Instead of really understanding their child, they switch around and try and force their religion on them because they believe that’s right. And you know, from my experience and a lot of other my friends, just because the parents say it, not to undermine you guys, but it doesn’t mean it’s always right.
One of the things I’ve seen is that we’ve got a focus in parenting on boundaries and consequences. I‘ve found from talking to so many different students that when this equation is in place, it conflicts with the reality of the oppositional adolescent brain, which leads to a breakdown in the relationship that can be significant. When that relationship breaks down, it causes kids to question almost anything a parent says, and maybe even more so the faith. How does that relate to your experience?
You kind of just described all of my years from sixth grade to now. I was in sixth grade losing faith. When this one kid transformed us all into like atheists or whatever, I found it best to keep that from my parents. I didn’t want to have to deal with lectures or being taken more to church and having more forced on me. So just from the past with my parents and knowing I was different from them and how they wanted me to be, that was like the first real sever in the relationship, especially with my mom. That’s when I started really distancing myself. And that’s also when my dual life really started to kick in.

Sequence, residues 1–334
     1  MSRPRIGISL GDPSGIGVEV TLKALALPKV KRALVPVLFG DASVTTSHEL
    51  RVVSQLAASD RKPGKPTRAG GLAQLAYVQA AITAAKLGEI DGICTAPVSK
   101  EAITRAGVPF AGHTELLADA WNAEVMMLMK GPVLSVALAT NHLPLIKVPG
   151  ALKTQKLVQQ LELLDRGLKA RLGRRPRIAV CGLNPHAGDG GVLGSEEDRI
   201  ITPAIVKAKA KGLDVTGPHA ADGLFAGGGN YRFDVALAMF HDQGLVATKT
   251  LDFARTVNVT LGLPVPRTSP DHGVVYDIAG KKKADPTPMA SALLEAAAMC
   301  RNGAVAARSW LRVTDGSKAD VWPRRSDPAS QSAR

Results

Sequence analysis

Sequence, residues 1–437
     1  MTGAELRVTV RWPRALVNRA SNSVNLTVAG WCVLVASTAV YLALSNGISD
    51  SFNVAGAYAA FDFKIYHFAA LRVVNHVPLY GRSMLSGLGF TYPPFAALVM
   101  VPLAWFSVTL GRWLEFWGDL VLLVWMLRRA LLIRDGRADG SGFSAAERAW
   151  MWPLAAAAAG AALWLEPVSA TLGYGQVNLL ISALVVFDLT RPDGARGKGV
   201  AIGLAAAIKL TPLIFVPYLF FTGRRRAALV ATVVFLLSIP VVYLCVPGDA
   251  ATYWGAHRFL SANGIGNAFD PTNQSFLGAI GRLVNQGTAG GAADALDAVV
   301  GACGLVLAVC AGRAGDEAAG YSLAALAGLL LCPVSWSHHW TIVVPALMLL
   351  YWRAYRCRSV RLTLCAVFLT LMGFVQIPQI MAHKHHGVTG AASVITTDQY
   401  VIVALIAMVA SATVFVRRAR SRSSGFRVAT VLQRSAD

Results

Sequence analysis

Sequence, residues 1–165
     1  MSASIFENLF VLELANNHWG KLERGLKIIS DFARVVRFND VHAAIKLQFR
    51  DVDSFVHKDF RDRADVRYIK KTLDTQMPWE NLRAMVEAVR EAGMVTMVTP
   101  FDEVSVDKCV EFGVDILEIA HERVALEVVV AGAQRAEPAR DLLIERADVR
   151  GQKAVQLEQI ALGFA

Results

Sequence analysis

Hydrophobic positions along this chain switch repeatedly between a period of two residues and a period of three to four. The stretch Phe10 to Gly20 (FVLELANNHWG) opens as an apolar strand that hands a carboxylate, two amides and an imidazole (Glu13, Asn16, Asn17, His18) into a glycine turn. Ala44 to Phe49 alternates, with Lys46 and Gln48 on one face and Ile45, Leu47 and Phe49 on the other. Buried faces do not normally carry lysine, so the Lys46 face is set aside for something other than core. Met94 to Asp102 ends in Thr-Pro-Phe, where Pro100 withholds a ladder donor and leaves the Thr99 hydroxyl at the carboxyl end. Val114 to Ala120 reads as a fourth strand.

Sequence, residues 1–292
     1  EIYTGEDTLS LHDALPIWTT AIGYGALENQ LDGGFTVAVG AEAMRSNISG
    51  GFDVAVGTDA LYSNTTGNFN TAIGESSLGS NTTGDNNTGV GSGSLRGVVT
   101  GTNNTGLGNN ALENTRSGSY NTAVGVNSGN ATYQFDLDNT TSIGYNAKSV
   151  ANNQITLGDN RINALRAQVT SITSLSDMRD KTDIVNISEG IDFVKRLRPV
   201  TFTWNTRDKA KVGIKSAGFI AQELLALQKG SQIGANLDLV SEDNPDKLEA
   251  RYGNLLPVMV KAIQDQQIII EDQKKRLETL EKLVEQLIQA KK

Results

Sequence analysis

Parents Contribute to Their Kids Dual Life?
Parents contribute to the dual life a lot more than they think. I’ve found I can talk to an audience of parents and tell them that 75 to 80% of the kids we talked to are leading some form of dual life and the parents would come up and say, “Well, it’s not my kid, right?”
Amy interrupts… “Oh yeah, no, I’m sorry. It’s definitely your kid.”
Was there a disconnect for you at all when your parents would have rules and consequences and then you would go to church and hear about forgiveness and grace? Was that confusing? What did that do?
It Felt Like Having to Perform to Receive Love
Yeah, extremely. I grew up in a household where I felt I had to perform to receive love and affection. There were such, you know, strict consequences for the slightest mistakes and then going to church and hearing that grace and forgiveness should always be the answer. I felt like I couldn’t even talk to my parents about that confusion because, you know, they’re the parents, they’re the authoritative figures. It was just a really lonely time in my life to feel like I didn’t have anyone to go to.
My whole life I’ve also really struggled with communicating with God. I’ve always felt a disconnect. So I felt like I didn’t even have Him to turn to. Isolation was kind of my coping mechanism and that wasn’t healthy and just led to more bad things.
What bad things came into your life Amy?
I started to go downhill into depression, anxiety, you know, a couple of eating disorders, working myself really, really, really hard to a point of unhealthy fatigue, lack of relationships, lack of friendships. Like I said, a lot of isolation from people important in my life and overall just not really caring about anything at all.
So getting numb?
Parents love their kids. They want to do what’s best. In many ways they’re doing what so many parenting programs tell them to do. But what you’re saying is that the way parents approach their kids can actually harm their faith.